Central banks’ digital currencies must not harm their monetary mission – and must complement cash, G7 finance leaders say

G7 leaders in London
G7 foreign ministers. Ben Stansall/POOL/AFP via Getty Images
  • Central banks’ digital currencies must support and “do no harm” to their monetary mission, G7 finance leaders said.
  • If issued, CBDCs would coexist with cash and must contribute to a secure financial ecosystem, they said Wednesday.
  • These currencies should meet rigorous standards of privacy and be energy-efficient, they added.
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Central bank digital currencies must support and “do no harm” to a bank’s ability to implement their mission for monetary and financial stability, and would complement cash if issued, Group of Seven financial leaders said Wednesday.

“If issued, a CBDC would complement cash and could act as a liquid, safe settlement asset and as an anchor for the payments system,” they said in a statement on guidance issued after a meeting in Washington.

Such a move would have to be aligned with rigorous privacy standards, accountability on data protection for users, and transparency on the use and storage of information in order to instill user trust. Under the guidelines, CBDCs would also have to be energy-efficient.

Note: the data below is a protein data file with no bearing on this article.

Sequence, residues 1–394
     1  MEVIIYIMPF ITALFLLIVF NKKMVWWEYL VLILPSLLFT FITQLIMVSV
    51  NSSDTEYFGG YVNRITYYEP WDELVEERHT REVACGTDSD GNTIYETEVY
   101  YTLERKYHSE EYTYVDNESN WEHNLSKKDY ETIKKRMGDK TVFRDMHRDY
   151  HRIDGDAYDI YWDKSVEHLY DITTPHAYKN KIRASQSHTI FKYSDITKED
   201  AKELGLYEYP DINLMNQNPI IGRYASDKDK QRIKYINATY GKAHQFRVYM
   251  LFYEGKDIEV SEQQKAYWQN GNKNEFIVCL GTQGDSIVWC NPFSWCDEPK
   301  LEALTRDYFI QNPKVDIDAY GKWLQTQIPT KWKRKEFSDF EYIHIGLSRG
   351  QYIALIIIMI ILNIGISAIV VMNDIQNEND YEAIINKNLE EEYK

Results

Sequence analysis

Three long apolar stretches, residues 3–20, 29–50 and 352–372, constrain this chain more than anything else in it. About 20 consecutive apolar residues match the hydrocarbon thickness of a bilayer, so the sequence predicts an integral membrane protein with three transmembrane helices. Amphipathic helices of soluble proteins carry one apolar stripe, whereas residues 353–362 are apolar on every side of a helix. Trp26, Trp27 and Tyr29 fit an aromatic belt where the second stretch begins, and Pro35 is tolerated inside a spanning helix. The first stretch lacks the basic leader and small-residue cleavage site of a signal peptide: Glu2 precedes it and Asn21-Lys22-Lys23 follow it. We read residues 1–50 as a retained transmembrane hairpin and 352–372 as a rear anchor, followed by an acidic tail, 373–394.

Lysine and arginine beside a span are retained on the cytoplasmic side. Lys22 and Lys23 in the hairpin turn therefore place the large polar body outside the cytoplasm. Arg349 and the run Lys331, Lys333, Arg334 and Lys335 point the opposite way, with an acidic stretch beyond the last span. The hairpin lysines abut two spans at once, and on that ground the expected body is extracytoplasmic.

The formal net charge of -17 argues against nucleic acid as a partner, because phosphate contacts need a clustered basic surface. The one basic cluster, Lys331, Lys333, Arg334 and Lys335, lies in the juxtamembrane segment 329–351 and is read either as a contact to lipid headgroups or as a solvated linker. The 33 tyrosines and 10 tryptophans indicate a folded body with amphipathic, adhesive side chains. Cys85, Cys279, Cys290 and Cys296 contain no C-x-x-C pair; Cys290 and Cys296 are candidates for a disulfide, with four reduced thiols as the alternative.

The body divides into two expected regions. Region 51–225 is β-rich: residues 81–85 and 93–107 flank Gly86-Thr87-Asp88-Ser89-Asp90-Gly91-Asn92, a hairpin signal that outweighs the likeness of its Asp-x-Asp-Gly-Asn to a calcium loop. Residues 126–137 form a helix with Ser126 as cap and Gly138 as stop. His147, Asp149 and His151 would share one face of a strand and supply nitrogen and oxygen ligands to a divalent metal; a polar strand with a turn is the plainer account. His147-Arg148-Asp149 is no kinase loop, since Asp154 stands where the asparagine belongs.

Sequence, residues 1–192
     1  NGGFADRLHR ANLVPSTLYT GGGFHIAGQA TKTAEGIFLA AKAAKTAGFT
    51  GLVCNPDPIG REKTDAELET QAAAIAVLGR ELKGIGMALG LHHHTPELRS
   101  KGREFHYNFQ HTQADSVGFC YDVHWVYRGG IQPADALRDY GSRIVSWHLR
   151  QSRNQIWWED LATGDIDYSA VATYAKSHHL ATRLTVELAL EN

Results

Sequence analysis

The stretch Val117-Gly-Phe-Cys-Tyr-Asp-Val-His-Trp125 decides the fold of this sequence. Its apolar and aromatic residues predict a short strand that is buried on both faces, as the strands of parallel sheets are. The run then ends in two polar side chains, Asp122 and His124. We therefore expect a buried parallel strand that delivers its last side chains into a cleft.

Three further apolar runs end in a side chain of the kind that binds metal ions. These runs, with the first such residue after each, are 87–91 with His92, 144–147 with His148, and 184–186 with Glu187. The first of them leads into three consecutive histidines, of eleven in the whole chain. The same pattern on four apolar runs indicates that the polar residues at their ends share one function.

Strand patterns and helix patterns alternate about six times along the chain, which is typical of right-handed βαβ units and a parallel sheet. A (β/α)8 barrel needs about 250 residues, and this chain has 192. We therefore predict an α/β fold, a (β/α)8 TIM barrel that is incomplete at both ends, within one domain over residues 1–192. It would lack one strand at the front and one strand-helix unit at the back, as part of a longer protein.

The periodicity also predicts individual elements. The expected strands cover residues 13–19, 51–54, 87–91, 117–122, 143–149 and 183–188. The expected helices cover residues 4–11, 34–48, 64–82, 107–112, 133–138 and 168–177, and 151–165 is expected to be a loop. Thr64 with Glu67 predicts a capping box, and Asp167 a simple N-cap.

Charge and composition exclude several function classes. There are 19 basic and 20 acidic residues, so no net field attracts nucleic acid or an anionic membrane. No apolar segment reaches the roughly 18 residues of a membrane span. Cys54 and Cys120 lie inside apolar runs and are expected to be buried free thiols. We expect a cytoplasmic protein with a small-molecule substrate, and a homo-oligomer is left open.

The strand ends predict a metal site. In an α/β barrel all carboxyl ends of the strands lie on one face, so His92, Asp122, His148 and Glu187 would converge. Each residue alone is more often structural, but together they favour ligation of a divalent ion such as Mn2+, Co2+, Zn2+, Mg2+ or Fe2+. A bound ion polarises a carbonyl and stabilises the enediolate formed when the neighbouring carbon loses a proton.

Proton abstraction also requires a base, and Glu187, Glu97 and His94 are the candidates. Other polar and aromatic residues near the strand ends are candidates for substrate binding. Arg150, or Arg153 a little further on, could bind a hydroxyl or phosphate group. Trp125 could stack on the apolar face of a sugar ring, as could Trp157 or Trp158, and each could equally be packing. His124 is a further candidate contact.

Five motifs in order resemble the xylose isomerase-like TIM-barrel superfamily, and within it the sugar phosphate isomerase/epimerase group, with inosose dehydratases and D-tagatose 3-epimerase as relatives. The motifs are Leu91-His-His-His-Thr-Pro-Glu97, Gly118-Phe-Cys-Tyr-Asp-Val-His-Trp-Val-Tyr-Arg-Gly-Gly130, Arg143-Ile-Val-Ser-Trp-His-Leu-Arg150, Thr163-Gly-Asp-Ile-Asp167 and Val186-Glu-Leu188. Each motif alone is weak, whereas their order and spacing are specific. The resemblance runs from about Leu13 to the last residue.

“Any CBDC ecosystem must be secure and resilient to cyber, fraud and other operational risks, must address illicit finance concerns, and be energy efficient,” the finance ministers and central bank governors said.

The prospect of digital money from central banks is one of the hottest topics in the financial community. The debate over the implementation of CBDCs has been clouded by disagreements between central banks and assertive backing by cryptocurrency proponents.

Bank of America has said the adoption of CBDCs is “inevitable” because of the diminishing role of physical currency.

The G7 group acknowledged that CBDCs could improve cross-border payments, which often face challenges such as high costs and low speed. But they noted nations have a “shared responsibility to minimize harmful spillovers to the international monetary and financial system.”

Their guidance endorsed 13 public policy principles for retail CBDCs, which highlight the need for coexistence with existing means of payment and transparency in their operation.

Leaders also touched on stablecoins – assets pegged to a stable currency such as the US dollar – saying they need to be held to high regulatory standards.

“A stablecoin widely used as a store of value or means of payment would pose significant risks to financial stability without appropriate regulation,” they said.

Settlement assets need to have stable value to be adopted widely as payments, the G7 said. But the highly volatile nature of unbacked crypto assets means they are unable to fulfil this function, they added.

No G7 authority has so far taken the decision to issue a CBDC, the group noted, saying they will continue to carefully consider potential policy implications.

China has taken the lead by being the only major economy to release a national rollout of its own CBDC in June.

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